Saturday, June 28, 2014

Getting To Know the .22 TCM Through Clear Gel Testing


.223 Remington is the parent cartridge case for the .22 TCM.

A big thanks to Lucas for providing the test pistol, ammunition, and most importantly, motivation for this test.

Finding myself lacking knowledge about the .22 TCM, my first stop was Wikipedia for some background information on this cartridge.  From Wikipedia I learned the .22 TCM was designed by Fred Craig and started life as the .22 Micro-Mag.  The cartridge was fully developed and commercialized by Craig and Rock Island Armory.  When the cartridge came to market, the name had been changed to .22 TCM.

The .22 TCM is still a relatively new cartridge with Armscor producing the 2 semi-auto pistols and 1 bolt-action rifle chambered for the cartridge.  The firearms are sold under the Rock Island Armory brand in the USA.  The only commercial loading for the .22 TCM is produced by Armscor USA and Armscor Philippines.

The .22 TCM is an interesting cartridge.  The brass case used to create the cartridge is derived from the .223 Remington.  The case is shortened, and given a bottle neck to accept the 40 grain .22 caliber bullet.  The .22 TCM finished length is about the same as a 45 Auto, but it has the diameter of a 9mm Luger.  These finished dimensions provide some insight into why the pistols chambered for this cartridge are double-stack variations of 1911 pattern pistols.

The test pistol comes with a second 9mm barrel and recoil spring that allow a simple conversion from .22 TCM to 9mm.  
        
 Test Pistol:

Test Protocol:
Step 1)  Measure and record temperature and relative humidity.
Step 2)  Run a 5 shot velocity average over a ProChrono Digital Chronograph at a distance of 10 feet.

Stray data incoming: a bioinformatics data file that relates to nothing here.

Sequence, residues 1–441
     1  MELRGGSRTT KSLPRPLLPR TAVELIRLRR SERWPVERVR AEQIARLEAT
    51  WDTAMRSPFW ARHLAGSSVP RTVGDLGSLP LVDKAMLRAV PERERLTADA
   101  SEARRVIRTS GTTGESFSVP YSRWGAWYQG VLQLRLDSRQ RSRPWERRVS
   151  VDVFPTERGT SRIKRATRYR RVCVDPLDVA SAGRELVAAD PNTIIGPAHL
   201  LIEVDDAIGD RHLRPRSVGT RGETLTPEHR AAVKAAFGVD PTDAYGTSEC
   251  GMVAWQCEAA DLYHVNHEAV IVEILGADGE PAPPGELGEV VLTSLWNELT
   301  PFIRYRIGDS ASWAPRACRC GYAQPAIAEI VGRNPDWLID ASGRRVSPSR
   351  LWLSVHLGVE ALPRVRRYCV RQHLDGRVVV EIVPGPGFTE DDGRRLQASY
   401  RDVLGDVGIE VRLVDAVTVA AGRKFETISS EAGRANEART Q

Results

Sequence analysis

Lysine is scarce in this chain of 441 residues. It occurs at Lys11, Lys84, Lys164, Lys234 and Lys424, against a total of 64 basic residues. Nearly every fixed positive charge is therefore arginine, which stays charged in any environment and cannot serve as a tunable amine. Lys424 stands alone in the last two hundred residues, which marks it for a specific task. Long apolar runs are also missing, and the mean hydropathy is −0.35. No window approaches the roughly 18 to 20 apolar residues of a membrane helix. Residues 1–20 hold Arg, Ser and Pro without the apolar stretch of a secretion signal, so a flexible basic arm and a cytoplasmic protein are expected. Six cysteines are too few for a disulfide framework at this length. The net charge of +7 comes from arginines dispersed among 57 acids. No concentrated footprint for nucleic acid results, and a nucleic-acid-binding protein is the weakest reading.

Step 3)  Run various terminal test shots, with and without simulated clothing barriers, into a block of Clear Ballistics Gel that is calibrated to 10% Ordnance Gel density.  Shot distance is 10 feet.
Step 4)  Run a 600 fps calibration test bb shot into the Clear Ballistics gel block and record penetration depth to verify density.

Test Results:

Video Documentation of the Entire Test from Range to Bullet Recovery:

My Thoughts on This Load:
I found the .22 TCM was remarkably light in felt recoil when fired from the full-size test pistol.  What the .22 TCM lacks in recoil, it makes up for with muzzle blast as shown in the accompanying picture.  We shot this test in full sun, but you could still see the down-range rings of fire produced by the cartridge.  The cartridge definitely lived up to the magnum part of  its Micro-Mag birth name.

This round will definitely be appreciated by the fans of fast and light ammunition.  The 40 grain bullets were crossing the chronograph at over 2000 feet per second and generating about 375 ft/lbs of energy.  For perspective, that's slightly less energy than a 124 grain 9mm +P round fired from a 4.5" barrel.

.22 TCM ammunition is only produced by Armscor USA and Philippines at this time.  The 40 grain JHP is the only commercial loading available.  Searching the web, the going price for a box of factory ammunition is hovering around $20.  For those willing to be early adopters and roll the dice on the longevity and commercial viability of the cartridge over the long haul there are some positive signs.  I found Lee and Hornady die sets, brass, and bullets for those that reload.  The dies and components are still on the expensive side, but prices may decline as production increases. 

Personally, I'd buy a .22 TCM conversion kit for a 9mm 1911, or other 9mm handgun I currently own, but I'm reluctant to add another pistol just to shoot .22 TCM.  Another thought was a KelTec Sub-2000 carbine chambered in .22 TCM might be pretty darn handy if it existed.  The cartridge may not have enough "oomph" to cycle the bolt with the Sub-2000 platform, but that's the first adaptation that crossed my mind as I was putting together the test report.  Armscor reports 2800 feet per second from the .22 TCM with a 22 inch barrel.  A longer 16" carbine length barrel will definitely improve ballistic performance of this round.